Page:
So, unless championship weekend is somehow even crazier than this past weekend, this is the effective end of Ohio State's 2021 football season, and the end of the careers for some Ohio State legends. However, as guys like Chris Olave and Garrett Wilson move on to their next chapters, guys like Stroud, Henderson, and Smith-Njigba will be responsible for leading the next wave of Buckeye greats and reclaiming the most important game of the season. See you next season, boys.

Late Day Madness:

Auburn is NOT gonna win the football game. Despite the fact that Alabama picked themselves up by the bootstraps to salvage this Iron Bowl victory in four overtimes, the Crimson Tide cannot be feeling too good about their offensive production as they head to Atlanta to battle Georgia's number one ranked defense. It's not just about Alabama's inability to score a point until the 4th Quarter. It's also about defenses, especially one as strong as Georgia's, being able to key on what Bama is trying to do offensively. If a defense focuses on star wide receiver Jameson Williams or he is out of the game (as was the case Saturday when he was ejected for targeting) then Alabama's offense loses its most dynamic dimension. Contrary to past teams with electrifying offenses like LSU in 2019, Alabama themselves in 2020, and Ohio State to a certain extent this season, Alabama doesn't have a supporting cast of gamebreaking skill players. For example, they lack a Justin Jefferson to compliment their Jamarr Chase. As it relates to Auburn choking the game away, I can't say I was surprised. However, the Iron Bowl as usual was just such an entertaining game to watch, and I left the game feeling good for Auburn in that quarterback TJ Finley showed some flashes and played extremely tough.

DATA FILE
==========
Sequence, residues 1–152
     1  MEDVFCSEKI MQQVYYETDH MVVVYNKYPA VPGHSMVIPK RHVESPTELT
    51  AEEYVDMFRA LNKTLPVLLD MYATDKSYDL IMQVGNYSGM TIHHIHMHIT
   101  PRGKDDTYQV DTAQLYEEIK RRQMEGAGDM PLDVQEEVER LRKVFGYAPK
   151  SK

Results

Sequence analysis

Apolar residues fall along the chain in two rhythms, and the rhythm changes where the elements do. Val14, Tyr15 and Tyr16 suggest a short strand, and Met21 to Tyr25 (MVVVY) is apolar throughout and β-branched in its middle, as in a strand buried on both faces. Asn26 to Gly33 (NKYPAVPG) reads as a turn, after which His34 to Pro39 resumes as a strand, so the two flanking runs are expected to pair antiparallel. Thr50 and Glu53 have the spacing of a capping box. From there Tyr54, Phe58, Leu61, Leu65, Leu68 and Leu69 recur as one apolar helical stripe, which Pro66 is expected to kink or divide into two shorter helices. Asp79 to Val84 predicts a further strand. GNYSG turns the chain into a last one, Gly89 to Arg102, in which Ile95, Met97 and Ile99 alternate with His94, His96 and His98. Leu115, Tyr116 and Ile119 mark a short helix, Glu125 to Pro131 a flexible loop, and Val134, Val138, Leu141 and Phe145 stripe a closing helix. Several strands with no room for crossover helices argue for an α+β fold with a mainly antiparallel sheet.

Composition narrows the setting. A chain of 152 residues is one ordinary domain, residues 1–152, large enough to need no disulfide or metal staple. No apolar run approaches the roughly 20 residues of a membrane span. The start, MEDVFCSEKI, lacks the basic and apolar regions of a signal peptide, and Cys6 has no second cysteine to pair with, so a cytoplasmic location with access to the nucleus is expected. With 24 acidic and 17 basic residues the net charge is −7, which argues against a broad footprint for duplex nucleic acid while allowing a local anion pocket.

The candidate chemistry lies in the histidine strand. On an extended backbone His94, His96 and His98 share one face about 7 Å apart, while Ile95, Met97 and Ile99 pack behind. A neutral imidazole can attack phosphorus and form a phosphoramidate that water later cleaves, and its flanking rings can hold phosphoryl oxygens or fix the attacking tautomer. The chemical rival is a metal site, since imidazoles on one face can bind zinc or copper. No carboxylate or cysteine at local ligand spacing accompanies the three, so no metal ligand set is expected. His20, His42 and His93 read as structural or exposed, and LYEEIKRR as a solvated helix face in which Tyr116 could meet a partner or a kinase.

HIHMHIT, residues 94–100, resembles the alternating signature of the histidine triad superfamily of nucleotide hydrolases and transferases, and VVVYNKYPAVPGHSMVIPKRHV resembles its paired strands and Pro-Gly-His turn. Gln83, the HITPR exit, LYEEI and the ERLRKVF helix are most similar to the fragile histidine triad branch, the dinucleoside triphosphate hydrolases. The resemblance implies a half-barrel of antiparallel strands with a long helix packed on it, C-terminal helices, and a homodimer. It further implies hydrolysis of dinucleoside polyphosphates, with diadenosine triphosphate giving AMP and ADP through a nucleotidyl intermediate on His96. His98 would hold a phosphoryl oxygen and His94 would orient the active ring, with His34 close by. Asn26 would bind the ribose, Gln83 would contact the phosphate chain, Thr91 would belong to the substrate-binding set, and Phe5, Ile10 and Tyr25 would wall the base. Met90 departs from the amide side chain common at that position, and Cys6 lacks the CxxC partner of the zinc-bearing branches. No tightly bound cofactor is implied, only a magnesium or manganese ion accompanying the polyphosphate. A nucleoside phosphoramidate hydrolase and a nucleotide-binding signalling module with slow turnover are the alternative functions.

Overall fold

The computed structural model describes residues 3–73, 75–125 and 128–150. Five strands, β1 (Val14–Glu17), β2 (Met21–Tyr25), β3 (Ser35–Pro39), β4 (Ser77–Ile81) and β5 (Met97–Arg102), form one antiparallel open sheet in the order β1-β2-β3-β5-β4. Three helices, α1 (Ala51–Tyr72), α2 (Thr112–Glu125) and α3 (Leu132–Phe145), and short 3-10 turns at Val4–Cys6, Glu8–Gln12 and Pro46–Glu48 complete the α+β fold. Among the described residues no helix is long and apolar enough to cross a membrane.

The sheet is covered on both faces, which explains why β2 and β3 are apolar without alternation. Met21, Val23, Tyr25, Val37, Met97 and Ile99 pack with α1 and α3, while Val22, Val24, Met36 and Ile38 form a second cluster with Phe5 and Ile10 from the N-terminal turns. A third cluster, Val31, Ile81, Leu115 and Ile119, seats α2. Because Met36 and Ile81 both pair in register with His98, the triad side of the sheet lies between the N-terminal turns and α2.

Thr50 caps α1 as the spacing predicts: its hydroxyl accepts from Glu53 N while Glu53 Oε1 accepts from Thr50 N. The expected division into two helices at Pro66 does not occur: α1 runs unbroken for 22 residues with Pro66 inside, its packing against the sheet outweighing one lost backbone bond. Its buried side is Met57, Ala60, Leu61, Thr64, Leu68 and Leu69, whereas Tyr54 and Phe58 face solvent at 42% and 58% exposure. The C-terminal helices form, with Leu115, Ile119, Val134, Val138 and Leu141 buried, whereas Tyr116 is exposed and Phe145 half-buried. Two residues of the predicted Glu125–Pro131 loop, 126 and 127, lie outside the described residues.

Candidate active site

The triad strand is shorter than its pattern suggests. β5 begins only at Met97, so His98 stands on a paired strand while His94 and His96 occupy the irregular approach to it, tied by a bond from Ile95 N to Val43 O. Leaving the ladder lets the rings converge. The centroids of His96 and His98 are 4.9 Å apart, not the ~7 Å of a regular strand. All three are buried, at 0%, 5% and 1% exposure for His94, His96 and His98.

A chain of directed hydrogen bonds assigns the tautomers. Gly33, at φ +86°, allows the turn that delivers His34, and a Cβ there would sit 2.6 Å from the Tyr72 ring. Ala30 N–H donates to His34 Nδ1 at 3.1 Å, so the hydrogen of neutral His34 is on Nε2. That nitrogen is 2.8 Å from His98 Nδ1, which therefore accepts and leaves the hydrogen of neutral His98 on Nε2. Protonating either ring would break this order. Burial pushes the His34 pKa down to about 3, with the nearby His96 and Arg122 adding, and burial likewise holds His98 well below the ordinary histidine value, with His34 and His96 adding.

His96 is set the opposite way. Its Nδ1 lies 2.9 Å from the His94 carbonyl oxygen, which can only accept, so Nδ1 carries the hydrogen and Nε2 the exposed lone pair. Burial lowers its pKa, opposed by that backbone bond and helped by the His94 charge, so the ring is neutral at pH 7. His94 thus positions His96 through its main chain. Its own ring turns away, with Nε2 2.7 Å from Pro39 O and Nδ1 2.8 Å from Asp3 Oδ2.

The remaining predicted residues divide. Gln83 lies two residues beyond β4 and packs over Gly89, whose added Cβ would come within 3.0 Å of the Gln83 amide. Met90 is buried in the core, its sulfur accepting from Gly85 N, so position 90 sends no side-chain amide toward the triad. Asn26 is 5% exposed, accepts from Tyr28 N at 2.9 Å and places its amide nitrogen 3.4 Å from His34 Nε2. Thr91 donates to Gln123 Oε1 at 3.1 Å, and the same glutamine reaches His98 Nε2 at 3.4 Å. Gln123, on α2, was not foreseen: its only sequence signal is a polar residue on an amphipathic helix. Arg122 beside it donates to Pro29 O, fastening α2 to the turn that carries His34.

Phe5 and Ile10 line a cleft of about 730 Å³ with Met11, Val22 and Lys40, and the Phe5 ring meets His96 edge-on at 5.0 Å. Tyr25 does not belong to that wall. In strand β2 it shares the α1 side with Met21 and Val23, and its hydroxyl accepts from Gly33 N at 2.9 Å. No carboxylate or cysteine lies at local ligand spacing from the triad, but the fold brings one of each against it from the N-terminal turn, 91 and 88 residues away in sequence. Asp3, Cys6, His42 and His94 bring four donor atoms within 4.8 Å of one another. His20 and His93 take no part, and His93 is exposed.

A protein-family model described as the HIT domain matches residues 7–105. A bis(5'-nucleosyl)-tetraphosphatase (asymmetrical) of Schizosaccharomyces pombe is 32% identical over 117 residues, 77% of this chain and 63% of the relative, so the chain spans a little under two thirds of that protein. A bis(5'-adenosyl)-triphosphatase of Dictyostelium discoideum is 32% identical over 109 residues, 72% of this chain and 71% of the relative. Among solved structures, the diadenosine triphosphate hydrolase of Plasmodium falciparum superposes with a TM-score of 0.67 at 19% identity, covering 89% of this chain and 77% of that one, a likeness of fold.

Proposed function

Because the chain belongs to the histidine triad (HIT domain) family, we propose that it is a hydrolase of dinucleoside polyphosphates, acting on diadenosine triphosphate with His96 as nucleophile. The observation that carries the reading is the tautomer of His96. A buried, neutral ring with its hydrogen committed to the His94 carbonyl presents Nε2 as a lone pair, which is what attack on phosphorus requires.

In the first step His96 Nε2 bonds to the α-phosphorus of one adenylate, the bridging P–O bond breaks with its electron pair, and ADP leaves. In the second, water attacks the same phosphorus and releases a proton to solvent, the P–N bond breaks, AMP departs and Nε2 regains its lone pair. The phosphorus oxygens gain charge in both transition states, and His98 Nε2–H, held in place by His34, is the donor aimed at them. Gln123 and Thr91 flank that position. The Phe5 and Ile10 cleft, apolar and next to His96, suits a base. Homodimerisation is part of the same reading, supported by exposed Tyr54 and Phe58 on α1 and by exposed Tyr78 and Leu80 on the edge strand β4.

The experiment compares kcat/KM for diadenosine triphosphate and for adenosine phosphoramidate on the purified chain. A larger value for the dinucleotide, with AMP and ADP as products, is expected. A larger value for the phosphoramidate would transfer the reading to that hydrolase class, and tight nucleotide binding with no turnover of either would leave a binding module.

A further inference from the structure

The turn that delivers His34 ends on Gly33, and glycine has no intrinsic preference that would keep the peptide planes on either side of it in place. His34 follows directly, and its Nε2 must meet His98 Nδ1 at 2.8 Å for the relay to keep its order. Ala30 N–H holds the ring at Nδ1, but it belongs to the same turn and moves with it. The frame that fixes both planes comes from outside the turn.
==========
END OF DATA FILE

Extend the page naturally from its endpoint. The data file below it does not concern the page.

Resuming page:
"Caleb Williams is a magical athlete." I sent a text along those lines to a group chat of my friends on Saturday night after Caleb Williams glided down the field on one of the most graceful yet clutch

scrambles you will ever see. In a game where Oklahoma played such an explosive offensive first half, Oklahoma State responded as they have all season in second halves, ratcheting up their defensive pressure and just finding a way to win offensively (including a little luck on plays like Oklahoma's fumbled punt return). For Ohio State's sake, I guess I need to root against the Cowboys in their BIG 12 title game vs. Baylor. Still, I think it's cool to see a new team in the mix at the end of the season and at least they have a solid defense unlike BIG 12 playoff contestants of the past. On the Oklahoma side, I left this game thinking "ah shit, here we go again" in the context of Caleb Williams' future and Oklahoma and Lincoln Riley having yet another stud at the QB position. The way he plays with such control and grace reminds me a lot of Kyler Murray, and he surely has that sky-is-the-limit kind of potential and skillset as a thrower, runner, and creator. The biggest thing now becomes, with the departure of Lincoln Riley to USC, what will Caleb Williams do? Will he (or potentially Spencer Rattler, although I doubt Riley would rather have Rattler over Williams) follow his coach out west and help bring USC back to glory, stay put at Oklahoma, or none of the above? Only time will tell.